Saudi Crown Prince Mohammad bin Salman has become a victim of his own assumption that the Houthis were just a ragtag force and the Saudi intervention would be a walk in the park.

Boys walk amid ruins of houses during the conflict in the northwestern city of Saada, Yemen November 22, 2018. Picture taken on November 22, 2018.
Boys walk amid ruins of houses during the conflict in the northwestern city of Saada, Yemen November 22, 2018. Picture taken on November 22, 2018. (Reuters Archive)

At first, the plan looked perfect on paper. With the support of a mix of powerful Western and Gulf monarchies, Saudi Arabia’s de-facto leader, the young, ambitious but politically inexperienced Mohammad bin Salman (MBS), would bulldoze everything in his way to prove himself worthy for the title of crown prince. 

The moment came in 2015, when MBS, then-Saudi defence minister, decided to flex his muscle in the country's "backyard" Yemen. He waged war on the Houthi rebels in a bid to reinstall the government of pro-Saudi Yemeni leader Abdrabbuh Mansur Hadi, who was overthrown by the Houthis in early 2014.  

Fast forward to 2020, everything Saudi Arabia had planned in Yemen went wrong.

MBS became a victim of his own assumptions, considering the Houthis a mere ragtag force and hoping the Saudi intervention would be a walk in the park. 

The Houthi militias, backed by Iran, were not only able to take control of much of northern Yemen, their stronghold for centuries, they also advanced their fight, changing gears from defensive to offensive, overpowering the Saudi-backed military campaign. 

They hit Saudi targets with their missiles, allegedly supplied or facilitated by Tehran. The missiles became instrumental in the Houthi military strategy as they were used to target the Saudi oil facilities — the heart of Saudi income.   

Though the militias claimed the responsibility for the attack, Riyadh and Washington pinned the blame on Iran. 

The attack was significant for the Houthis, however. They managed to achieve what the Saudi Kingdom is afraid of the most: a war within Saudi territories.

In one of the most significant victories, the Houthis killed as many as 500 Saudi-backed fighters and took more than 2,000 hostages, describing them as soldiers affiliated to Saudi Arabia. 

The Saudi government, however, denied the incident, refusing to have sent any troops or militias into the Yemeni frontlines. But for regional experts, Saudi has denied many such rebounds, revealing its weakness in the battlefield and inability to dictate a military solution in Yemen.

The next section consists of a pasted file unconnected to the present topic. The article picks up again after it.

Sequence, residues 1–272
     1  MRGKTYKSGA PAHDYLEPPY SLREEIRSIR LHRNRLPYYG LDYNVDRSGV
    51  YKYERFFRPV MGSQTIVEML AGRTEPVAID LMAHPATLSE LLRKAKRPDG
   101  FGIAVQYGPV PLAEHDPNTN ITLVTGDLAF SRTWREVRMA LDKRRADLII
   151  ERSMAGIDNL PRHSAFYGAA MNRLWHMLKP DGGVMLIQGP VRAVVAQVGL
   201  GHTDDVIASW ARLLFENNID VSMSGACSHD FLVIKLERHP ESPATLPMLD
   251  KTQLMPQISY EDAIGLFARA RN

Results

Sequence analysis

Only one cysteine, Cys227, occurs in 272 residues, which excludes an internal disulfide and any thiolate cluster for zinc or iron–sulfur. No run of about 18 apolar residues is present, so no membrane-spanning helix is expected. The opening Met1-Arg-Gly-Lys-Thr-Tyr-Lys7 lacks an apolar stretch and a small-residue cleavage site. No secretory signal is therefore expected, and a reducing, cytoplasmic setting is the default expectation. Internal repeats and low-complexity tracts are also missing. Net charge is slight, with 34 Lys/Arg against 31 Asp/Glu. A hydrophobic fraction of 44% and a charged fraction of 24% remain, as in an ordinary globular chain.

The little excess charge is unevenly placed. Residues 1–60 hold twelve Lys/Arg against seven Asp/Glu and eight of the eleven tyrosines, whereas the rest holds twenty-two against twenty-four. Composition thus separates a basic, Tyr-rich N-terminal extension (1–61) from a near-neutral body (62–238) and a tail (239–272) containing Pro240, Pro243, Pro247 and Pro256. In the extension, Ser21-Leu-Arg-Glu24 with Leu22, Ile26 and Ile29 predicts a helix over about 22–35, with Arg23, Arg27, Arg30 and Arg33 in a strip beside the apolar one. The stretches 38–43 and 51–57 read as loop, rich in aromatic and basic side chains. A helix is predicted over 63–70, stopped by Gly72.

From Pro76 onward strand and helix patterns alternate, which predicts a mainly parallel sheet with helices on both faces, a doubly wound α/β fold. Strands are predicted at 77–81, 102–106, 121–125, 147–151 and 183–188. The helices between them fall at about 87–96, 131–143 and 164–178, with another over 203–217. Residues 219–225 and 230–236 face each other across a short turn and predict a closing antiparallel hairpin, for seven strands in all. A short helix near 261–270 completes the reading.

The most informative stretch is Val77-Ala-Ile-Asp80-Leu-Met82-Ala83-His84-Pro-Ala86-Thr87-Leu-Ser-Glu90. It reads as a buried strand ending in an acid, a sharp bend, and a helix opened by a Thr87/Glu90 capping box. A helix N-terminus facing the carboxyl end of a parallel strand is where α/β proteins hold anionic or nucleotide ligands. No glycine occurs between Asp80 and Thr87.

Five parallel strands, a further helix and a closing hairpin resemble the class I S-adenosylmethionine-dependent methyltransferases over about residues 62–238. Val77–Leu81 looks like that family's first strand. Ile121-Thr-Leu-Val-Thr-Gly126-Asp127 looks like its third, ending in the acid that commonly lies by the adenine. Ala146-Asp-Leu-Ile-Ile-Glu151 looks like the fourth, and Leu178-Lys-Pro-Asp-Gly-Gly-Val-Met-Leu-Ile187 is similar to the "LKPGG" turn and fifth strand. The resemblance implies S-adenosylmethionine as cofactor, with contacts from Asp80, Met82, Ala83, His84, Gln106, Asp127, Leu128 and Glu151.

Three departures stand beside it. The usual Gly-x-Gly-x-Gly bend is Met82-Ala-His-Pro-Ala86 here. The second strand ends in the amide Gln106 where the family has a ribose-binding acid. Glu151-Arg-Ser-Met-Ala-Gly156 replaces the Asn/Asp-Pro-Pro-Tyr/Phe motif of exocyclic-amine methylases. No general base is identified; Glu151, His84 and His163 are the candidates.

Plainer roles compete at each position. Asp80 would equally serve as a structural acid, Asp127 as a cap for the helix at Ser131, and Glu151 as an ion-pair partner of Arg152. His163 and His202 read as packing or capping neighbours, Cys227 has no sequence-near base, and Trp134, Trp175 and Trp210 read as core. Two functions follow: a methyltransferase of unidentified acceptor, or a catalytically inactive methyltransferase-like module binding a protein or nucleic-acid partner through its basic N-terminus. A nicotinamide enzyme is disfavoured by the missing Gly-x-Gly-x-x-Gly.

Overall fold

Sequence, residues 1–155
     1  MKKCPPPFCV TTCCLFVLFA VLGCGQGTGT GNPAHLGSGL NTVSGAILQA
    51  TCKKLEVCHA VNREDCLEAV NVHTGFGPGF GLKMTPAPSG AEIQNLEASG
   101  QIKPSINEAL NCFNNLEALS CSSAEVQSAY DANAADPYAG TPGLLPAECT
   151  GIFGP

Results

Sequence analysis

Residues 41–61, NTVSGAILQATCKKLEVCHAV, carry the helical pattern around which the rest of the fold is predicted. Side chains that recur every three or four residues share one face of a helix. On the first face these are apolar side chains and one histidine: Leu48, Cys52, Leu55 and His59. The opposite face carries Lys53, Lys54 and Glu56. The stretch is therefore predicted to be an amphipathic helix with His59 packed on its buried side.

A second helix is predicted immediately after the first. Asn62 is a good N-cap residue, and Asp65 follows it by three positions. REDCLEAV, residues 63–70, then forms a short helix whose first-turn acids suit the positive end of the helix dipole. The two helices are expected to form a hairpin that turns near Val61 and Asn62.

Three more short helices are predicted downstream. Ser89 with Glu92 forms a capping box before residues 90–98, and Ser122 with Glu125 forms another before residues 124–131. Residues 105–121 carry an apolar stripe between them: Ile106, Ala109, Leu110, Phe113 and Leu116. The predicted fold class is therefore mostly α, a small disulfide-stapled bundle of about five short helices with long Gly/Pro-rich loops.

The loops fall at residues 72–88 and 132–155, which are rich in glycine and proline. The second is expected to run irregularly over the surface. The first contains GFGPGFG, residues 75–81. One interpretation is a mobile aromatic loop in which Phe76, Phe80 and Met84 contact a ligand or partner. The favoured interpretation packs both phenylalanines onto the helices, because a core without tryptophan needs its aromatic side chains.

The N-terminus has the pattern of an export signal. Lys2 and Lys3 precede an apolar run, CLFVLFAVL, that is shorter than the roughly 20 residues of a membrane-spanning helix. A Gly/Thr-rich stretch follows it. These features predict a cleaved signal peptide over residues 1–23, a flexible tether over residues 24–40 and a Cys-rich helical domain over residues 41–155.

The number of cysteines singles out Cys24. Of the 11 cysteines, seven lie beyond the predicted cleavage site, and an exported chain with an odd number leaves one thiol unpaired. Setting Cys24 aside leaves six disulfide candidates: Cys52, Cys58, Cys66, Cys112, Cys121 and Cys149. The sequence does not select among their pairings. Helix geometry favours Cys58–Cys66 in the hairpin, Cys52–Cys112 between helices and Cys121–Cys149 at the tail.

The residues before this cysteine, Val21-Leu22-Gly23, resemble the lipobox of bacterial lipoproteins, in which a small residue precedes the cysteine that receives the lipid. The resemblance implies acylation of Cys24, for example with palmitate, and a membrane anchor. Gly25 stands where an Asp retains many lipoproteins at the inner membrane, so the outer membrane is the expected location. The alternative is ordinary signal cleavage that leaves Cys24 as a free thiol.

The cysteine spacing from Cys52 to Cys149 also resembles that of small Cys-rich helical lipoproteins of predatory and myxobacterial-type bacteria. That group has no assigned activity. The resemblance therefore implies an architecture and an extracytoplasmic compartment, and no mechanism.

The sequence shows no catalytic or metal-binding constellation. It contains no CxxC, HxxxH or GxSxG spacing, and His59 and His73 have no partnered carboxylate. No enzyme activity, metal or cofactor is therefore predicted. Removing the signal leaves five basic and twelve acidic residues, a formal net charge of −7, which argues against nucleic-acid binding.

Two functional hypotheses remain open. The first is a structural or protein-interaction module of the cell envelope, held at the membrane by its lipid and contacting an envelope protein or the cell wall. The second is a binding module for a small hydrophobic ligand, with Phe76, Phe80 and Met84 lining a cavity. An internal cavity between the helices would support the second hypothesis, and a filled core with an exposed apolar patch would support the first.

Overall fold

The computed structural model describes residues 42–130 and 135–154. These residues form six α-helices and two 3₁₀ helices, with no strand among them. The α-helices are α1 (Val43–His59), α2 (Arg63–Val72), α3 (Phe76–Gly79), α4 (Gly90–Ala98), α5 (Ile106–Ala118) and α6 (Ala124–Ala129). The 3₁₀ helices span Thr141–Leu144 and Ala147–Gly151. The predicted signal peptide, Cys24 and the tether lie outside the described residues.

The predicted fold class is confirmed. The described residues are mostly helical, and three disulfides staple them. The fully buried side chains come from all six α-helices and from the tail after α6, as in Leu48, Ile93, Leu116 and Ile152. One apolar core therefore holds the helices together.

Shiite Houthi tribesmen hold their weapons as they chant slogans during a tribal gathering showing support for the Houthi movement, in Sanaa, Yemen on Sept. 21, 2019.
Shiite Houthi tribesmen hold their weapons as they chant slogans during a tribal gathering showing support for the Houthi movement, in Sanaa, Yemen on Sept. 21, 2019. (Hani Mohammed / AP Archive)

In what was described as a major blow to Saudi Arabia’s war in Yemen, the kingdom’s closest ally, the UAE, withdrew its forces from the war last July. 

The decision was in fact the result of different policies the two Gulf nations pursued in Yemen. 

While the UAE supports separatist Southern Transition Council (STC) to secure its sea trade, the Saudis prioritised clearing its borders of Iran-backed militias and preventing the conflict from spreading within its territories.

The contrasting foreign policy priorities of the two regional allies in Yemen have helped the Houthis to maintain their dominance in the war. 

As of 2020, the war continues and peace looks distant. The conflict has resulted in far-reaching catastrophic consequences for the people of Yemen, the poorest nation in the Middle East. 

The constant, heavy and indiscriminate bombing by the Saudi-led coalition, hitting Yemeni cities, including homes, markets, hospital, schools and mosques has caused a major humanitarian crisis, one of the worst in the world. 

According to the 2019 UN numbers, the conflict left tens of thousands dead or injured including at least 17,700 civilians. 

Around 3.3 million people have been uprooted and the UN Refugee Agency said the number of sites hosting displaced people only increases. 

There are 24 million people, nearly 80 percent of the entire population, in urgent need of humanitarian assistance, including more than 12 million children. 

Since the conflict began in March 2015, the country has become a living hell for the country’s children.

As the five-year war continues, it seems only the Yemeni people are paying a heavy price for MBS’s ambitious policies as the Iran-backed Houthis stand as strong as the first day of fight. 

Source: TRTWorld and agencies